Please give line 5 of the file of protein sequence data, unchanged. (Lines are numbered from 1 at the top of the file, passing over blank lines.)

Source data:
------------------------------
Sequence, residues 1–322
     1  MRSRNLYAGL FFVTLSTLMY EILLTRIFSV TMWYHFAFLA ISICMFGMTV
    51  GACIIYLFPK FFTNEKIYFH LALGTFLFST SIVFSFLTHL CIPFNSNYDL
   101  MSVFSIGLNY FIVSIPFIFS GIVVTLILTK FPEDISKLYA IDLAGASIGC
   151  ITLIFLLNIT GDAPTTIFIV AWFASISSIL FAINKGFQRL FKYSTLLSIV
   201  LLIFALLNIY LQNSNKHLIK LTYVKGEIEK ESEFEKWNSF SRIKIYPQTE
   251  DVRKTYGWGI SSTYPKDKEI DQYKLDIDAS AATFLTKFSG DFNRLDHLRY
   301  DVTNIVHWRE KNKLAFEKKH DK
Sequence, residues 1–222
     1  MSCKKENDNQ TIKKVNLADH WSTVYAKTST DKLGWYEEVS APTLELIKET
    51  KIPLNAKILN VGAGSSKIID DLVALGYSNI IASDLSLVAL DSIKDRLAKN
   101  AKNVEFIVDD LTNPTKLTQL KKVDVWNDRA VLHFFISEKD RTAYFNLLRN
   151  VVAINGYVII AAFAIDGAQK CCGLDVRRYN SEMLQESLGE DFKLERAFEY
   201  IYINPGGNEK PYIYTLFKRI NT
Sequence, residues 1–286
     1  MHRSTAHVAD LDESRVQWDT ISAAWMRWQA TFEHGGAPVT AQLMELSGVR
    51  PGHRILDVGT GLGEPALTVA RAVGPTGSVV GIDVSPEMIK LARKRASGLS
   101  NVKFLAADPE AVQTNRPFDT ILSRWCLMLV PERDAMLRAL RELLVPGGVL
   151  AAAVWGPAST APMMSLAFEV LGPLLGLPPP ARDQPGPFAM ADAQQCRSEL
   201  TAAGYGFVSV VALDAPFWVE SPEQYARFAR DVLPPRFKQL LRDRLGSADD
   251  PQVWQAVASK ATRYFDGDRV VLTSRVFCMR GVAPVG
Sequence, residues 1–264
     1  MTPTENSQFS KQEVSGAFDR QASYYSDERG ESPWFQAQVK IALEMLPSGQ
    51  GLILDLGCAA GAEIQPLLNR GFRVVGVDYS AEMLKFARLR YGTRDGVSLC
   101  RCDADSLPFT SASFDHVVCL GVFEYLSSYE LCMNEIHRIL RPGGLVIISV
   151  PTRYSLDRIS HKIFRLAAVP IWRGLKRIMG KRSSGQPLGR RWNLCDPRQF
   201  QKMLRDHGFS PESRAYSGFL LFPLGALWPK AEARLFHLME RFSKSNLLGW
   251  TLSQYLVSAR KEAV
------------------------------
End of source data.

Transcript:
   151  ITLIFLLNIT GDAPTTIFIV AWFASISSIL FAINKGFQRL FKYSTLLSIV